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What is Marshmallow Root?

Sara Schmidt
By
Updated May 17, 2024
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An herbal remedy used for multiple ailments, marshmallow root is the base of the marshmallow plant. Medicinally, the root may be used for anything from chapped skin to the common cold. Marshmallow root may also be used as a cosmetic ingredient.

The uses of marshmallow root in medicine vary widely. The remedy has been used to treat gastritis, Crohn's disease, asthma, indigestion, diarrhea, and gastroesophageal reflux disease. Ulcers, cough, eczema, sore throat, abnormal pap smears, psoriasis, ulcerative colitis, and the common cold have also been treated with the herb. Minor external problems like chapped skin and small cuts or wounds may also be relieved through the use of marshmallow root.

Marshmallow root, also known as althea officinalis, gets its soothing properties from the presence of mucilate. A slick substance that does not dissolve in water, mucilate makes up nearly a third of the root's composition, and causes the marshmallow to become slippery. This substance provides the same effects for the irritated skin, stomach, or other areas of the body that marshmallow is used on, making it a popular expectorant during cases of bronchitis and whooping cough.

Though limited, the root may be able to help combat infection as well. Increasing the effectiveness of the immune system is another possible use for marshmallow. The plant may be used as a poultice for sprains, bruises, burns, muscle aches, and general inflammation. Weight loss can be stimulated by using marshmallow root as well, since it causes the stomach to feel full.

To use marshmallow root, apply one and one quarter teaspoons (six grams) of the substance daily to the affected area. A similar dosage in capsule or tablet form is also generally recommended, as well as a tincture of one to three teaspoons (five to 15 milliliters) taken each day as needed. If served as a tea, up to five servings are recommended in one day's time.

Nontoxic, the root is generally considered safe for use. As with any herbal supplement, however, marshmallow should be used under the supervision of a physician. Its sugar content could be hazardous to those with diabetes. The mucilagin contained within the root may also reduce the potency of prescription drugs as well.

Damp marshy areas make up the marshmallow plant's habitat. While the plant grows in the United States today, it was originally native to Europe, particularly in Denmark and England. Both the leaves and the root can be used for medicinal purposes, the latter being used more frequently than the former.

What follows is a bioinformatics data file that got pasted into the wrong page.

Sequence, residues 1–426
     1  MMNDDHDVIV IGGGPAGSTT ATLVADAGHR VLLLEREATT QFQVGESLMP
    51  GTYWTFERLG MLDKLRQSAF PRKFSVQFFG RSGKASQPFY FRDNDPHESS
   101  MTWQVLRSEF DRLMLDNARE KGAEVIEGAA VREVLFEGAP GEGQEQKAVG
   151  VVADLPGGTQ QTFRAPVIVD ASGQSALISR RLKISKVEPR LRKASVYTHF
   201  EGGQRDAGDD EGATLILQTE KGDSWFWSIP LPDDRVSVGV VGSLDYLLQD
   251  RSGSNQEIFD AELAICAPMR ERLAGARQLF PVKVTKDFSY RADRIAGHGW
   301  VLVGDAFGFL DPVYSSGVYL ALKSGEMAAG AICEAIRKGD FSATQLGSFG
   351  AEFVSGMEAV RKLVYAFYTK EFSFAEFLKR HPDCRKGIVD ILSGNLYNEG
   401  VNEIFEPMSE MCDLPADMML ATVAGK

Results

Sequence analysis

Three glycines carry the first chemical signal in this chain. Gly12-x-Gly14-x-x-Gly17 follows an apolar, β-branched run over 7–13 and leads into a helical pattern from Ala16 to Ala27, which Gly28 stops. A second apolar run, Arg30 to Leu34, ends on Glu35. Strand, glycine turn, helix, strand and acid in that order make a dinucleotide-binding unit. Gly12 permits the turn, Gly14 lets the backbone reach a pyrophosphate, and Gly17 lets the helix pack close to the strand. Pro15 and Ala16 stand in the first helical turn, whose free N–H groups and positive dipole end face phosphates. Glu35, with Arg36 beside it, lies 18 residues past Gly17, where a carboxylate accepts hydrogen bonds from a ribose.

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Sara Schmidt
By Sara Schmidt , Writer
With a Master's Degree in English from Southeast Missouri State University, Sara Schmidt puts her expertise to use by writing for WiseGeek, plus various magazines, websites, and nonprofit organizations. She published her own novella and has other literary projects in the works. Sara's diverse background includes teaching children in Spain, tutoring college students, running CPR and first aid classes, and organizing student retreats, reflecting her passion for education and community engagement.

Discussion Comments

By nextcorrea — On Feb 12, 2012

I'm really intrigues by that detail about weight loss. I have heard a lot of good things about natural weight loss aids but I have never tried one myself.

I would like to loose a few pounds this year and maybe I'll give marshmallow root a try. I'm sure it will take more work than just eating a root but any help that I can get will make it easier.

By jonrss — On Feb 11, 2012

Maybe this is a dumb question. But do the marshmallows that we eat have anything to do with marshmallow root?

By tigers88 — On Feb 10, 2012

For most of my adult life I have had intestinal and digestive problems. Eating a meal could leave me miserable for hours afterward.

A friend suggested that I try and extract of marshmallow root before I ate. I tried it and it worked wonders. I still have problems from time to time, but the frequency and the severity is much less. I don't want to call it a miracle cure but it really works.

Sara Schmidt

Sara Schmidt

Writer

With a Master's Degree in English from Southeast Missouri State University, Sara Schmidt puts her expertise to use by writing for WiseGeek, plus various magazines, websites, and nonprofit organizations. She published her own novella and has other literary projects in the works. Sara's diverse background includes teaching children in Spain, tutoring college students, running CPR and first aid classes, and organizing student retreats, reflecting her passion for education and community engagement.
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